is one of a US-backed clique of secular Iraq
i opposition figures who lived in exile until the fall of Saddam Hussein
's regime in April 2003.
But he has the advantage as prime minister - to paraphrase one commentator - of being equally mistrusted by everyone in Iraq's multifarious population.
Religious leaders think he is too secular, the US-led coalition now sees him as a critic, for the anti-Saddam opposition he is an ex-Baathist, while ordinary Iraqis say he is a CIA man.
Born in 1945 to a prominent Shia Muslim merchant family, Mr Allawi trained as a neurologist and joined the
Baath party underground movement as a young man.
But when the party came to power, he fell out with the rising hard man Saddam Hussein in the early 1970s and was forced to go into exile.
He was badly wounded in an assassination attempt while living in the UK in 1978, believed to have been ordered by Saddam Hussein.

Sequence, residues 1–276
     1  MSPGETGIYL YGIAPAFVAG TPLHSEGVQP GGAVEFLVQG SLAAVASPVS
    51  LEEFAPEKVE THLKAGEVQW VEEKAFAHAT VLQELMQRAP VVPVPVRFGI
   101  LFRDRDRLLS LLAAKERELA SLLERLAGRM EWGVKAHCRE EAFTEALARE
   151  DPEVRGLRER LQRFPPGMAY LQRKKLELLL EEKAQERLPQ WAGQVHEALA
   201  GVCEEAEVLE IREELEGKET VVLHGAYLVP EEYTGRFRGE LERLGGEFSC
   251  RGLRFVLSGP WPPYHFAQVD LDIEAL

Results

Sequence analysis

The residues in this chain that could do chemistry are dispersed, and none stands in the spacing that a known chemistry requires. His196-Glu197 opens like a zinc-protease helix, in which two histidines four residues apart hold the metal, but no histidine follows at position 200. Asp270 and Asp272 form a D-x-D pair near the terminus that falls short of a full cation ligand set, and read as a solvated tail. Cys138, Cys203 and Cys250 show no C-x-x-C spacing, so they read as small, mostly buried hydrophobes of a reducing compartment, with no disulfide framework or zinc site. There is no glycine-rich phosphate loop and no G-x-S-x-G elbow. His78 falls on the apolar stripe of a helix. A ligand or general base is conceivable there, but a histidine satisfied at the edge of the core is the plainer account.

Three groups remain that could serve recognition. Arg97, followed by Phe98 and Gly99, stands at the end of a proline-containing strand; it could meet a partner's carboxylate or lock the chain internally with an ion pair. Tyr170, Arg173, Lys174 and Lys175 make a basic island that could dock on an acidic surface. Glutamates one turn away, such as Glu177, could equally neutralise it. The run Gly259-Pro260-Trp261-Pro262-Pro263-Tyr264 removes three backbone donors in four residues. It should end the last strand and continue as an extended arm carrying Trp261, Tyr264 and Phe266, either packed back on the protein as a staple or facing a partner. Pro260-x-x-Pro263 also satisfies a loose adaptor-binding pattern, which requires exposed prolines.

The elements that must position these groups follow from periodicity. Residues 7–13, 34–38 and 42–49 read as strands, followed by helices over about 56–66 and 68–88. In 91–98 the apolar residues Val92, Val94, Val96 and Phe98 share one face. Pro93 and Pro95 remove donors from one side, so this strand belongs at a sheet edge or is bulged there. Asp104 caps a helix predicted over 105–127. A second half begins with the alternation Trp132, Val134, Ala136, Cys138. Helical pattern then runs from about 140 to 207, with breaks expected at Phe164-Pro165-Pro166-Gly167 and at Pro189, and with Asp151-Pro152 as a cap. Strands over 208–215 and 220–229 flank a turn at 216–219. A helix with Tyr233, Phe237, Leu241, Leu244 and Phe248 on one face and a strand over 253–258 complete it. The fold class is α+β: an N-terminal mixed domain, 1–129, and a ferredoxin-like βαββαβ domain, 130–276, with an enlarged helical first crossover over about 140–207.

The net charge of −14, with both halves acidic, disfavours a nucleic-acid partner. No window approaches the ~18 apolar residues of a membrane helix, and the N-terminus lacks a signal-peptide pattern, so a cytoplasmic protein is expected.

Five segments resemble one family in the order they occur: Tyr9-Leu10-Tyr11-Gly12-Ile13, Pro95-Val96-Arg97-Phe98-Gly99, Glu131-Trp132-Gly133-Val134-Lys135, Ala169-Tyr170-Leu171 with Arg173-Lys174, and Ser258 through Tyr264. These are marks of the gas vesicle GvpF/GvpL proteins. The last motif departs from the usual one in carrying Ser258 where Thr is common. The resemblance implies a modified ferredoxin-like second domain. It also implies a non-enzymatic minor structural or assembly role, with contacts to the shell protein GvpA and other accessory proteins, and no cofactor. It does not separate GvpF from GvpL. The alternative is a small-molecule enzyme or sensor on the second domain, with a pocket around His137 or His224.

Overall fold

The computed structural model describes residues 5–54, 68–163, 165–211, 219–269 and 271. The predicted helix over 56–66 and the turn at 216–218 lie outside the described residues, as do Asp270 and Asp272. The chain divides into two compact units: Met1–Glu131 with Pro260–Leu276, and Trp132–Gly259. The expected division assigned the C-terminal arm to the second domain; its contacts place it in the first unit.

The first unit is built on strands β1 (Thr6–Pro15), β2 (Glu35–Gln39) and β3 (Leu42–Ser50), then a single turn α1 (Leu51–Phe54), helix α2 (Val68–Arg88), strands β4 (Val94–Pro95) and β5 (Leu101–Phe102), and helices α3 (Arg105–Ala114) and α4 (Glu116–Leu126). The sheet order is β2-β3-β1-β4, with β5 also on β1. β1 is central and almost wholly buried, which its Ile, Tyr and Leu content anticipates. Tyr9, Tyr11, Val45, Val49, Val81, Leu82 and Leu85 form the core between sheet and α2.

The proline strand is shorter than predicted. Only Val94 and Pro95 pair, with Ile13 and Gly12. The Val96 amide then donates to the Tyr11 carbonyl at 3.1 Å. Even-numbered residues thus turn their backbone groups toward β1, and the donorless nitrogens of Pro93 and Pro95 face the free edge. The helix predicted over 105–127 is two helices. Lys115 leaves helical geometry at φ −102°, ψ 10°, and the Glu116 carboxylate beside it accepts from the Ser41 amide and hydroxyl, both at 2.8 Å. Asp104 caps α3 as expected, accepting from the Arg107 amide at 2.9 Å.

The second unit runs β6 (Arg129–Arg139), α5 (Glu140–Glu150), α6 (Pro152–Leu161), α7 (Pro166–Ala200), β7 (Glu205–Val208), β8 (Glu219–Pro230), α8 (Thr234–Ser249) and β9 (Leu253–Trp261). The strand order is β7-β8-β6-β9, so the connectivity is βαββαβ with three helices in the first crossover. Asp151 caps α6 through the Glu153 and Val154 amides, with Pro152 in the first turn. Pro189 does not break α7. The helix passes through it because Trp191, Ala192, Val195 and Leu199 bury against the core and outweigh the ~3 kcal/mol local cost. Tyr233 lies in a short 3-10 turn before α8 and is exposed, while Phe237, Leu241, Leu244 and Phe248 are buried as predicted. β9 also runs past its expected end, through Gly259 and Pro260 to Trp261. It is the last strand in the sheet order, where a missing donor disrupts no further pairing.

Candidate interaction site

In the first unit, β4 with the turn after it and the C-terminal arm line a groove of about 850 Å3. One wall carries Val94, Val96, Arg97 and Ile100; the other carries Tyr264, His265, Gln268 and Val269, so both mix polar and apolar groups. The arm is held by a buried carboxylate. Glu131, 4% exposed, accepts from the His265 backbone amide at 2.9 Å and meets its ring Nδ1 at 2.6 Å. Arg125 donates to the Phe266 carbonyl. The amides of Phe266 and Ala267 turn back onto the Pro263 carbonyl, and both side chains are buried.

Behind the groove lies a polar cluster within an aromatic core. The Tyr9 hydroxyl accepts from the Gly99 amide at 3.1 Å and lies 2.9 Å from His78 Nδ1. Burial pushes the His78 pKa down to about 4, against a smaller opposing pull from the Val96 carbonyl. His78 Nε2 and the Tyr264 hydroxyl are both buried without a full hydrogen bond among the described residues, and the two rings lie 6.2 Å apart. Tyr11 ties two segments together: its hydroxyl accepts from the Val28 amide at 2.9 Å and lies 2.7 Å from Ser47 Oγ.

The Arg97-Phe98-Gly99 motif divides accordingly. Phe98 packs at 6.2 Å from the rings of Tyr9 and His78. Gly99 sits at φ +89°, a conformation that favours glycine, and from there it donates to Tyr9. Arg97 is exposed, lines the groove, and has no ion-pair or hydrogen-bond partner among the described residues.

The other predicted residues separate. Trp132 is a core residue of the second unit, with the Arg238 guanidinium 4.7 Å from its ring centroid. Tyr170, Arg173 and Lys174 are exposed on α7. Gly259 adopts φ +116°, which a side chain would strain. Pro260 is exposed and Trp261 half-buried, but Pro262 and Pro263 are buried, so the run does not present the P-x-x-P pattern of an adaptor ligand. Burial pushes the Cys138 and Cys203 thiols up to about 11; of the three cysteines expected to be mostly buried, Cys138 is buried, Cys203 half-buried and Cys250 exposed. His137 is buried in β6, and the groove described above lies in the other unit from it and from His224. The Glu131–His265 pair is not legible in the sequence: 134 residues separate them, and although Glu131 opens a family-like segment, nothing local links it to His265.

Mr Allawi went on to co-found the
Iraqi National Accord (INA) party, which is known for attracting disillusioned former Baathists from the military and security fields.
From its foundation in 1991, with the backing of the
US Central Intelligence Agency and
British intelligence, the group supported the idea of fostering a coup from within the Iraqi army to overthrow Saddam Hussein, but its attempts ended disastrously.
Correspondents say Mr Allawi is well-connected politically in Washington and London, has extensive business dealings and has close relations with
Saudi Arabia and
Since joining the US-appointed Iraqi Governing Council, he has publicly opposed the purging of members of Baath party from government positions.
His work has been focused on running the IGC's security committee, which has been responsible for building up the new
Iraqi army, police and intelligence service.